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Turnout across the state is up, especially in Democratic areas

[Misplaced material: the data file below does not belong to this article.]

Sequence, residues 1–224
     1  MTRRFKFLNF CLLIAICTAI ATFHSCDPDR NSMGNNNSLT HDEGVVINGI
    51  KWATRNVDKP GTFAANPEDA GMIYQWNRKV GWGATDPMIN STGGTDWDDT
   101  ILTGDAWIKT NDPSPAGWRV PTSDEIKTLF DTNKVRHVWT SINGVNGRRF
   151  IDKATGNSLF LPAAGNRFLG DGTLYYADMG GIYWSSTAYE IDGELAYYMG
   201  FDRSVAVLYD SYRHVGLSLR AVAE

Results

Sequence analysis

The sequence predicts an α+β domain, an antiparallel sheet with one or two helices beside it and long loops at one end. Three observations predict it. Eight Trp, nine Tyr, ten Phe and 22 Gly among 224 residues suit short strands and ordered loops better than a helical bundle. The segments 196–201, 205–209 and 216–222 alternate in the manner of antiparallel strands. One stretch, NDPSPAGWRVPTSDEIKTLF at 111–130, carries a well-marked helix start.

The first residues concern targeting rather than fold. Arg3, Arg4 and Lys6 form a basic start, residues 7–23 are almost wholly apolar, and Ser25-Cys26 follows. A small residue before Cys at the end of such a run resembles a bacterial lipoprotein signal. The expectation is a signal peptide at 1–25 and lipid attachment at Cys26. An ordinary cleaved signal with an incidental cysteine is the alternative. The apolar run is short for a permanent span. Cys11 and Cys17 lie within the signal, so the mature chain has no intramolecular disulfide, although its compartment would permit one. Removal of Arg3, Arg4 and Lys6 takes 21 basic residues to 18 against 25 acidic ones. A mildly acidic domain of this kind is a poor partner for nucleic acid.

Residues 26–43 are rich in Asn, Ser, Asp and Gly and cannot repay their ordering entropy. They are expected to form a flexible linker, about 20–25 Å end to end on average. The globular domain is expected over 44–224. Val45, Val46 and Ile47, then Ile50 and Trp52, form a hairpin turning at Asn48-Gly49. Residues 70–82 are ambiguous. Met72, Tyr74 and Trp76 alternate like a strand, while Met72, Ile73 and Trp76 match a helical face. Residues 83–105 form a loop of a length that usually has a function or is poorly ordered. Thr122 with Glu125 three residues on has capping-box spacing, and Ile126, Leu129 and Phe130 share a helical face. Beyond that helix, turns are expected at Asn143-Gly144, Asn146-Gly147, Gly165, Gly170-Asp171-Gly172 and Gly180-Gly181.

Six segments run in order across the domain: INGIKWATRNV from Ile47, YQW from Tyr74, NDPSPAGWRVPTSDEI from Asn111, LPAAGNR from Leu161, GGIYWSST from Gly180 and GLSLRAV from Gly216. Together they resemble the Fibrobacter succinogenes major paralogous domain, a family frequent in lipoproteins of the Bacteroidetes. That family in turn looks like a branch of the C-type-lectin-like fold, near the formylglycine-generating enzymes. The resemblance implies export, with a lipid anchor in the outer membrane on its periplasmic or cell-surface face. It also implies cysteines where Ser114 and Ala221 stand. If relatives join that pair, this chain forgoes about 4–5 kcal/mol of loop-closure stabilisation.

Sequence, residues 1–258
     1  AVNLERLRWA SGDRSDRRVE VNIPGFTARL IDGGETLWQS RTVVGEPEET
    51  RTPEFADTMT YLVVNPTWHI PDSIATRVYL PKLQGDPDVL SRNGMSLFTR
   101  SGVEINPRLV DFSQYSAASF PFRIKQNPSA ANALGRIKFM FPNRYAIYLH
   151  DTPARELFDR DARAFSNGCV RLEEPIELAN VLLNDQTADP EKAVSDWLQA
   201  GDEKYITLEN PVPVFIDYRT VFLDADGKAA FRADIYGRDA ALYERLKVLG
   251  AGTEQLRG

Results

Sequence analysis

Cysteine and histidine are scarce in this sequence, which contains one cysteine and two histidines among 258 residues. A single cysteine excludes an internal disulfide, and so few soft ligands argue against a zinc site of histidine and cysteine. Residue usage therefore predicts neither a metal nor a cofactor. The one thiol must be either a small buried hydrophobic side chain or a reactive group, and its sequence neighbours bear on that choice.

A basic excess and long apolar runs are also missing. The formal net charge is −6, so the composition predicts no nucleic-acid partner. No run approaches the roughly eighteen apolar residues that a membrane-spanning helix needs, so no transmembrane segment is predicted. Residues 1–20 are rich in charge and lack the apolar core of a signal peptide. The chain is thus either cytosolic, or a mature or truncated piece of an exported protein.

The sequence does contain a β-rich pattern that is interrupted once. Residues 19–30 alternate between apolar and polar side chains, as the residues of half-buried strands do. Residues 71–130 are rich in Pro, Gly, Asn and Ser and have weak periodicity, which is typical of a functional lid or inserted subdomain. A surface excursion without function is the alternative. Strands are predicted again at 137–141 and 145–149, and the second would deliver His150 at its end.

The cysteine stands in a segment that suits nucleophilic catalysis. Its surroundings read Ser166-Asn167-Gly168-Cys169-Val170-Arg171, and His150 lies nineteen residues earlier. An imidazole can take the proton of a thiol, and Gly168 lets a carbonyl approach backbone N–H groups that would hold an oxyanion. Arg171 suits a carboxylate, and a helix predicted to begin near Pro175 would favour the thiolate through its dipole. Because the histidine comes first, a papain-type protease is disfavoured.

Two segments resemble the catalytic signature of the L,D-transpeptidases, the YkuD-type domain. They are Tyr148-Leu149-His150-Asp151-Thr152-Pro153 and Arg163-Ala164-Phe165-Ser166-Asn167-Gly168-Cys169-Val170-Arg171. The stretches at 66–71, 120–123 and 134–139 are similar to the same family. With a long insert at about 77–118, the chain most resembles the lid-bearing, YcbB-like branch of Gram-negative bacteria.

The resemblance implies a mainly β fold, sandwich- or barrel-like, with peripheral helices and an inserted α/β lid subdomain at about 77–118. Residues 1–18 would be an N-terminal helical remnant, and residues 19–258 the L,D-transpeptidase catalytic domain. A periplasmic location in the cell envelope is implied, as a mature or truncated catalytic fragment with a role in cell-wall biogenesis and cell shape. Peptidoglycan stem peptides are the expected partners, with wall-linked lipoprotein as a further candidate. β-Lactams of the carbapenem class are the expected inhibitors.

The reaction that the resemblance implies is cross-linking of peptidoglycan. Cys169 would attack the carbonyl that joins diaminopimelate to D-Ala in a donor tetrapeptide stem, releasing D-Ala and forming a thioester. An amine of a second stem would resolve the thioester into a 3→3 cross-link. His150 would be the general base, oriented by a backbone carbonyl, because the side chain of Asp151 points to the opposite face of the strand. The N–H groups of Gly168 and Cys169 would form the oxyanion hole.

Early voting in Travis County has been more than double what it was during the last mid-term election, exceeding 10 percent of the county’s registered voters. More than 10 percent of the voters in Williamson County have also voted early.Yesterday produced some of the best numbers yet, thanks no doubt to the sunny weather. By mid-afternoon, the election clerk at the Travis County Courthouse had already seen 345 voters, the highest turnout so far in two weeks of early voting. Election clerk George Hermes said election workers had witnessed a steady stream of voters. “I think the rain has kept people away,” Hermes said. “Generally, we’re seeing good numbers. We’ve got a lot of people coming in who work downtown or have business at the courthouse.” Local malls have seen even higher turnouts, especially on weekends. Saturday, almost 1,000 people voted at Barton Creek Mall. An average of 500 people have voted each day at Northcross Mall, and better than 4,000 have voted at various mobile voting locations across the city. As of Monday, a total of 58,340 people had cast early ballots for next week’s races. At least one election analyst predicts the turnout is due to more competitive races this year. Many voters had a lackadaisical attitude during the 1998 mid-term races, says analyst Harvey Kronberg, who publishes the on-line Quorum Report. This year, both parties have done a better job of reaching out and touching their respective voters. In 1998, turnout was high in Republican strongholds like Williamson, Collin and Tarrant counties. This year, those numbers are being matched in Webb, Hidalgo, Cameron, Travis and El Paso counties. That could be good news for Democratic candidates Tony Sanchez and Ron Kirk, who hope to tap into a segment of registered voters who don’t typically go to the polls. “I can’t predict how the voters are voting. We don’t have precinct-level information,” Kronberg said. “But it is obvious that the Democrats are motivated, and that they do have the machine in place to bring their people to the polls. Whether or not that will be enough to win an election, I don’t know; but it’s much better than the Bush-Mauro race in 1998 when most people said, ‘Why bother?’” Early voting ends on Friday. At this stage, it appears that Republicans may win, but the advantage the party held over Democrats for the last six years is waning, Kronberg said. Attack ads, heavily used in the top statewide races, typically suppress independent swing voters during early voting, Kronberg said. Early voters are usually activists who feel strongly about their candidates, he suggested; swing voters are more likely to wait until Election Day to go to the polls. 11th Street Partnership hopes to begin in early 2003 Hair stylist David Hill came to last week’s Austin Revitalization Authority (ARA) meeting to make one point: Revitalization plans on 11th Street were created with people like him in mind. The ARA has targeted a number of blocks along East 11th Street for redevelopment. Last week, the 11th Street Neighborhood Partnership, led by developer Michael Casias, presented a plan for the northwest corner of East 11th Street and Navasota that would include a three-story mixed-use development. The project would add 20,000-square-feet of new construction to 11th Street. As small as the numbers may be, the concept is still a new one: giving current business owners the chance to buy, rather than lease, property in East Austin. Hill, who has run Hair Hunters Beauty Salon out of the same leased space on 11th Street for 35 years, has been waiting for just that opportunity. “I’ve been down there longer than any other business on 11th Street—35 years—and when you’re talking about redeveloping an area where people can live and work, you’re talking about me,” Hill said. “I’m looking to ARA to guide me, to show me what’s necessary to take advantage of this opportunity . . . I’m not asking for you to give me anything, but I want everything that I am entitled to.” Hill’s candor drew a laugh from commissioners. Ownership was the key issue the team of developers stressed during a presentation on the Block 19 Project. Attorney Nikelle Meade of Brown McCarroll, who led the presentation, pointed out the potential for ownership and the interest among minority businesses. Some have already signed reservations, hoping that construction could be underway by the first quarter of 2003. Small business owner Rudy Malvo said he has an interest in putting a recording studio in East Austin to spark an East Side entertainment district. And Casias, a developer with Esperanza Land Co., who also sits on the Planning Commission, discussed a plan consistent with ARA goals. Businesses in the preliminary plan include a toy store, café, recording studio and business incubator, along with some residential units at both affordable and market rates. The development of Block 19 would follow plans for Blocks 17 and 18, yet the block has presented its own set of challenges. Owners of the Quicky Picky refused to sell its parcel of land to the Urban Renewal Agency or the City of Austin, although owners of the convenience store have signed a letter of intent to participate in the new development. A restaurant in the original plans was scrapped to provide adequate parking spaces. The project will require the approval of the ARA, URA and the City Council since both the Urban Renewal Agency and the City of Austin own the parcels. Developers estimate the total cost of the Block 19 project would be $3.1 million. The Council is scheduled to hear from the URA at today’s work session. Commissioner Sterling Lands called the Block 19 project “one of the most exciting things we’ve heard in a while,” but he asked that the project be moved to the ARA’s development committee for further study. A report will come back to the full commission next month. In the interim, the developers will take their plans to the URA. Seton's plan for new children's Working group seeks interim process for thorny issue Members of the Hospital District Working Group were called to a meeting at United Way headquarters on East MLK Tuesday afternoon to discuss the impact that Seton’ s proposal to build a new, separate children’s hospital would have on a hospital district. The group of city employees, elected officials and doctors met in a two-and-a-half-hour closed session to lay out their positions and discuss different scenarios. Council Member Betty Dunkerley attended the meeting and said the gathering had been productive. “We were working together in good faith trying to figure out the best route for the hospital district,” she said, “and to work up an interim process of looking at the issues of a children’s hospital . . . within the context of the hospital district as a whole. I think we were successful in doing that.” Momentum has been building for a hospital or health-care district for the past several months. It was mentioned several times during the city’s renegotiation of the lease with Seton for Brackenridge Hospital. (See In Fact Daily, Feb. 8, 2002.) That lease also covers the operation of Children’s Hospital of Austin, which Seton also runs as a separate entity from Brackenridge. Should Seton decided to build a new, separate Children’s Hospital to replace the current facility, it could increase costs for the city-funded safety net for indigent care since that new facility would be privately owned. While Seton could build a new facility without permission from the city, closing the existing Children’s Hospital of Austin would require city approval. Doctors at the hospital recently called for a newer, larger facility citing the central Texas region’s explosive population growth. Dunkerley said the city was well aware of the over-crowding issues faced by both Brackenridge and Children’s Hospital. “During the campaign, you heard me say time and time again that something had to be done,” she said. “I think we need to see what we can do without losing the vision of the hospital district. We’ll just have to work through these issues in good faith like we do anything else. We don’t know how to go about achieving the goal that we all want, which is the best health care system in the country.” © 2002 In Fact News, Inc. All rights reserved. Democrats endorse Ramsey . . . Austin Congressman Lloyd Doggett, Sen. Gonzalo Barrientos and State Rep. Elliott Naishtat are asking Democrats who live in State Board of Education District 10 to vote for Green Party candidate Leslie Ramsey. There is no Democrat in the race for the seat currently held by Republican Cynthia Thornton . . . Attorney General endorsements . . . The grand dame of Texas newspapers, the Dallas Morning News, endorsed Republican Supreme Court Justice Greg Abbott for Attorney General yesterday, with a kind word for Democrat Kirk Watson also. The editorial begins, “If only all the races in Texas this year offered voters the no-lose proposition of the contest for Texas attorney general, people would have little cause for worry or complaint. The match-up between Texas Supreme Court Justice Greg Abbott and former Austin Mayor Kirk Watson has produced two credible and qualified candidates, either of whom could step in the office tomorrow and do a respectable job as the state’s top law enforcement officer.” Lined up in Watson’s camp are the newspapers of Austin, San Antonio, Fort Worth, Houston, El Paso and Corpus Christi . . . Positive, positive, positive . . . That’s the word from Pct. 2 Commissioner Karen Sonleitner, who said no matter what her opponent throws at her, “I’m not going there.” Sonleitner was looking at a negative mail piece that opponent Sheri Perry Gallo had sent out, adding, “A lot of people keep forgetting that after November 5, there’s November 6.” She said she got her fill of negative campaigns when she covered the race between Jim Mattox and Ann Richards for the Democratic nomination for Governor in 1990 . . . Biscoe to speak at Gateway graduation . . . County Judge Sam Biscoe is slated to be the keynote speaker at this Friday’s graduation ceremony for students who have completed the Construction Gateway program training. The program is a joint effort of the Austin Community College, the Greater Austin Chamber of Commerce, the Associated Builders and Contractors and Associated General Contractors. The ceremony will begin at 11:30am at the ACC Riverside Campus, 1020 Grove Avenue . . . Ready for Halloween . . . The voter registration section of the Travis County Clerk’s Office is decked out in black and orange in honor of the season, with black plastic tombstones for the paper ballot and “the uncast vote 2002” . . . Seeking compensation . . . Former inmates Richard Danziger and Christopher Ochoa, who were wrongly convicted of a 1988 rape/murder and spent 11 years in prison, have both filed notice with the City of Austin that they intend to file suit. Danziger and Ochoa were released from prison last year when they were cleared as a result of DNA testing. The matter is on the executive session for this week’s City Council meeting. City Attorney Sedora Jefferson said Tuesday that the city is expecting Danziger’s suit to be filed soon since the city has already received a draft copy of the petition alleging civil rights violations . . . Condemnation approved . . . County Court at Law Judge Orlinda Naranjo has granted the city’s Motion for Partial Summary Judgment in the condemnation suit over land for the Convention Center parking garage and Austin Energy district cooling plant. Naranjo‘s ruling means that the city has proved all jurisdictional prerequisites necessary for the taking the downtown property and that the taking is for “valid public purposes.” The final question of the property’s market value remains. © 2002 In Fact News, Inc. All rights reserved.